Few Americans Think Glenn Beck Is Fit to Head Religious Mov't

Less than 20 percent of Americans think popular Fox News television host Glenn Beck is the right person to lead a religious renewal movement, a new poll revealed.

Half of respondents said Beck was the wrong person and the remaining people either said they did not know enough about him or declined to respond, according to the Public Religion Research Institute/Religion News Service Religion News Poll released Thursday.

Even among Americans who have a favorable view of Beck, 45 percent said he is the right person to lead a faith movement.

Beck has higher favorability ratings among Republicans (55 percent), white evangelical Protestants (48 percent), and older Americans over the age of 65 (37 percent).

But the group with the highest favorable rating of Beck (79 percent) consists of people who know he is Mormon and who believe Mormons have similar religious beliefs to their own. Within this group, the majority (53 percent) said he is the right person to lead a religious movement.

On the other hand, those who know Beck is Mormon and think Mormons have different religious beliefs than their own have a lower favorable opinion of him (54 percent) and are much less likely to think he should lead a religious movement (28 percent).

"The disparity between Glenn Beck's favorability ratings and how people feel about him as a religious leader suggests that people are more drawn to him for political reasons than religious ones," said Daniel Cox, director of research for PRRI, in a statement. "Many of Beck's strongest supporters, such as Republicans and white Evangelicals, perceive real differences between their own faith and Beck's Mormon faith, and this may become a liability in his efforts to lead as a religious figure."

In the days following Beck's "Restoring Honor" rally on Aug. 28 in Washington, D.C., Christian leaders debated whether they should support his movement given that he is Mormon. Conservative Christian leaders James Dobson, Richard Land, and Bishop Harry Jackson, Jr., have joined the movement, which focuses on America's need to turn to God. While Christian leaders made clear that they do not agree with Beck's theology, they do agree with him on the belief that America is heading in the wrong direction and needs to repent and turn back to God.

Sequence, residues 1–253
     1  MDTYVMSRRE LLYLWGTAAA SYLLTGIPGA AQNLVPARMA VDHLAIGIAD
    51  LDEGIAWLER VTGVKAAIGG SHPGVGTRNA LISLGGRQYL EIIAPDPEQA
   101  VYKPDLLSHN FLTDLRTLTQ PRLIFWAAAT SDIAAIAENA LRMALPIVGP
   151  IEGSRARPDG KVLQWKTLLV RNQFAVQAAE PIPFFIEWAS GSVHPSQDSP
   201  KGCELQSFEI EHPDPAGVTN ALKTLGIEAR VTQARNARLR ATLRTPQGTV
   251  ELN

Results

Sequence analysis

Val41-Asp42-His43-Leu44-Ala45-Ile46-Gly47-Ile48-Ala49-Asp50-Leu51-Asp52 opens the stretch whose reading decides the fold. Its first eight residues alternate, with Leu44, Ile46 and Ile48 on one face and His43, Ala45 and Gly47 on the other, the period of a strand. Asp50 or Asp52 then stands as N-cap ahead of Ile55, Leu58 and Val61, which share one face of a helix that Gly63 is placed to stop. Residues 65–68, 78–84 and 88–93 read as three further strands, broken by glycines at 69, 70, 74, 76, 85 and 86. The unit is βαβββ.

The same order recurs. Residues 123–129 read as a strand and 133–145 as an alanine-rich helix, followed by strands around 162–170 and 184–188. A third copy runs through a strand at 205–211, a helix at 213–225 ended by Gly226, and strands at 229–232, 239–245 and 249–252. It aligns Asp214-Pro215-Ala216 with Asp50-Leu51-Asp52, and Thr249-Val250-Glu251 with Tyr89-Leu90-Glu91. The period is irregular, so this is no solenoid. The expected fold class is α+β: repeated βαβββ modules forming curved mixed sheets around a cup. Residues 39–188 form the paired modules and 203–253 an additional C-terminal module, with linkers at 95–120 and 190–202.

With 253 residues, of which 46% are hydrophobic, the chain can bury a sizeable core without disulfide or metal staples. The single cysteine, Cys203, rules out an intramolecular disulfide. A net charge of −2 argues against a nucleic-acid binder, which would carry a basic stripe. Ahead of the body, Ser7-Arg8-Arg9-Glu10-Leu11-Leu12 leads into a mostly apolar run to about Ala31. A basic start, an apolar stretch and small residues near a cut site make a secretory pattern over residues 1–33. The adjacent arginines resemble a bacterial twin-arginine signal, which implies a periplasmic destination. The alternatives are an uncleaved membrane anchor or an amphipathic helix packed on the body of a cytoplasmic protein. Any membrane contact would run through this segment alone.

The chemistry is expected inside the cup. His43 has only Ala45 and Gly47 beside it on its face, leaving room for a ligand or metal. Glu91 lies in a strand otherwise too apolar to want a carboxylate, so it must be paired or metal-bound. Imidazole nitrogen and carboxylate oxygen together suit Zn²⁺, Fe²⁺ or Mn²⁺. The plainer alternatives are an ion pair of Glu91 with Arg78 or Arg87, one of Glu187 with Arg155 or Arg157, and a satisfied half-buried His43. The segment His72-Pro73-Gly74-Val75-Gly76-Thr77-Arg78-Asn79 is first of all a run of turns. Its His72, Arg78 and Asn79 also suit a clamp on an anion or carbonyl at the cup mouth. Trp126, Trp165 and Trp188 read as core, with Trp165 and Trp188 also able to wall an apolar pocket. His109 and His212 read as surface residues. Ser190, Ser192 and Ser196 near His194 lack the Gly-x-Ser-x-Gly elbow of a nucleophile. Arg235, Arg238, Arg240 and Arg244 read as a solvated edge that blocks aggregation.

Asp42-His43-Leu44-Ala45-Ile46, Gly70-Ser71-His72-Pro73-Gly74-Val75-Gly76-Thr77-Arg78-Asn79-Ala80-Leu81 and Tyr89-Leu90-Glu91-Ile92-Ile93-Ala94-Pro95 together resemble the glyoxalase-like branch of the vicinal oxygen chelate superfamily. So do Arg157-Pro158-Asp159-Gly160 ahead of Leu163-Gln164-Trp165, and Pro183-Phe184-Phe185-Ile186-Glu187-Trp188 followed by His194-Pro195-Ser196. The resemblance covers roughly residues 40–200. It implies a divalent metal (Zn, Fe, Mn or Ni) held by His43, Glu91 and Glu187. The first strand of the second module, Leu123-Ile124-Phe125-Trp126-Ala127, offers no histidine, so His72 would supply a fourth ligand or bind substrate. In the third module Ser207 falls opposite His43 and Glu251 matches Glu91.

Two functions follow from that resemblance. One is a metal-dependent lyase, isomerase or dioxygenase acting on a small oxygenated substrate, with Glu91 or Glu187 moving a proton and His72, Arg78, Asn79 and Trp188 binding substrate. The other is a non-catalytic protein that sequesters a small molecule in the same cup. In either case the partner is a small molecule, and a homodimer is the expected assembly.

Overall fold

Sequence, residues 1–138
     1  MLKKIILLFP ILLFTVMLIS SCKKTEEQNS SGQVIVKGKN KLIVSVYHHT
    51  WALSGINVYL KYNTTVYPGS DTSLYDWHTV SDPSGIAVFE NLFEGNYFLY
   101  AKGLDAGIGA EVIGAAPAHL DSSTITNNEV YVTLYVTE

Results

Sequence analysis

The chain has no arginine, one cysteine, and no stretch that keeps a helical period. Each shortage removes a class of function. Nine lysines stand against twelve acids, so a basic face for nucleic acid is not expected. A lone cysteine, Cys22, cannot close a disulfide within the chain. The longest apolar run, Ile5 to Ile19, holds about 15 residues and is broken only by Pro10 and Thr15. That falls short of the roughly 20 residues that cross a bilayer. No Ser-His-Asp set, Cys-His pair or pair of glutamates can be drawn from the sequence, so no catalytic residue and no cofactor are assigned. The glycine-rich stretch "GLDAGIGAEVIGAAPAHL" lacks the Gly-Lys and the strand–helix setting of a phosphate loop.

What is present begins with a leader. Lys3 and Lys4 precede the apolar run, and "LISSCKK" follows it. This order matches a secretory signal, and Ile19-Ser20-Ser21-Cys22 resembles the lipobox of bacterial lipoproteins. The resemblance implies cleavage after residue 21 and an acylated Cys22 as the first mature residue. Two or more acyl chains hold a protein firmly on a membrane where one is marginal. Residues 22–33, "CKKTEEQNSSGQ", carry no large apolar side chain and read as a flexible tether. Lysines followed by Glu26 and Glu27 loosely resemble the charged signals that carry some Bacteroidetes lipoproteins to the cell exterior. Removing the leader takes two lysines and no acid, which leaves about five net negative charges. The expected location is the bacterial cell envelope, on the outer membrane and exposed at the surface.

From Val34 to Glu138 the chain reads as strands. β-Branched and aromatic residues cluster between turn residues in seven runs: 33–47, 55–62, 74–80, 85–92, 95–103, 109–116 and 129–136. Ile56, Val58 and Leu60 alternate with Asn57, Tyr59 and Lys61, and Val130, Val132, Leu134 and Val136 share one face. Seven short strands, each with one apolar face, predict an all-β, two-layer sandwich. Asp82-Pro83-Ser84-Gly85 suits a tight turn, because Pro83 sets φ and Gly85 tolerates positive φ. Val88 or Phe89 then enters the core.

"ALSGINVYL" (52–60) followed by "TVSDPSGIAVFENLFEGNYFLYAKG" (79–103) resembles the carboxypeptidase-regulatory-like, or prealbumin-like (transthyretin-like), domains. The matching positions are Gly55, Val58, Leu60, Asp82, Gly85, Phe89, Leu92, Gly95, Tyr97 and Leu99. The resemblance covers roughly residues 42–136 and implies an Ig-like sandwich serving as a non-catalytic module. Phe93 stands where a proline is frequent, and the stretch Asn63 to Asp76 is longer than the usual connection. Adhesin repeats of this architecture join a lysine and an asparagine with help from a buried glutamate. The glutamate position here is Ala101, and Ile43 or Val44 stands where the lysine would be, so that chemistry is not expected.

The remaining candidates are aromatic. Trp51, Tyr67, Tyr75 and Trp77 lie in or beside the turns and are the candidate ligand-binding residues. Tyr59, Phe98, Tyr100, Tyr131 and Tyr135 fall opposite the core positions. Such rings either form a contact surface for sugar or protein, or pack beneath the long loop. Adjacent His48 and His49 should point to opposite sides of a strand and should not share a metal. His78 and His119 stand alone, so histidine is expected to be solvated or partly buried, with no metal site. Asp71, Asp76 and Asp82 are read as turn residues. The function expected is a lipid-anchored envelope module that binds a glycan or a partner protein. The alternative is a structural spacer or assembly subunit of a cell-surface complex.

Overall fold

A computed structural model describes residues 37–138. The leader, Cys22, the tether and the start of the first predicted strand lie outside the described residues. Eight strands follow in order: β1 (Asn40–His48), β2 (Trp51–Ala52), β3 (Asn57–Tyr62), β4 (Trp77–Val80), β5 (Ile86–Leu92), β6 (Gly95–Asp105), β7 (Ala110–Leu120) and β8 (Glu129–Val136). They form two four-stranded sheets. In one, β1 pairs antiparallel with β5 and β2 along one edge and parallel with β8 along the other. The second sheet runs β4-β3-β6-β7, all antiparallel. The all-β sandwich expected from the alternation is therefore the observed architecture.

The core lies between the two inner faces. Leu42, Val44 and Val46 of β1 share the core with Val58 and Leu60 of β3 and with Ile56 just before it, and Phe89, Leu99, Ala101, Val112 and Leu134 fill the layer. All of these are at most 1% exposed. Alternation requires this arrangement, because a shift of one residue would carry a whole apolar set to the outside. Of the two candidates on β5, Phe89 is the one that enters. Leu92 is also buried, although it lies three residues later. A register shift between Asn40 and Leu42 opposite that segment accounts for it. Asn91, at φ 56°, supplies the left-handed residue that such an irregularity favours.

Still, Southern Baptist theologian Dr. R. Albert Mohler, Jr., said on The Janet Mefferd Show that he is concerned about the message Christian leaders are sending by standing with Beck. Even though Beck uses evangelical language, the God and the Gospel he refers to is not the same of that of conservative Christians.

"We're talking about very different deities here," said Mohler. "And I think many Christians just have no idea as they were watching that event."

"How many American Christians who are watching that (rally) and resonating with the call for spiritual revival know that the man who is up there speaking, using words about Gospel and God and all the rest, believes that there was a male and a female deity, that the Godhead is a reproductive pair, that eventually we will be divine ourselves if indeed we follow the path of righteousness?" Mohler said.

The PRRI/RNS poll found that only 17 percent of respondents correctly identified Beck's religion as Mormon. Most Americans (64 percent) believe Mormons have different religious beliefs than their own. These facts suggest that if more people know about Beck's Mormon faith then more people will also be against him leading the religious movement.

The survey is based on telephone interviews conducted Sept. 9-12 among 1,007 adults.

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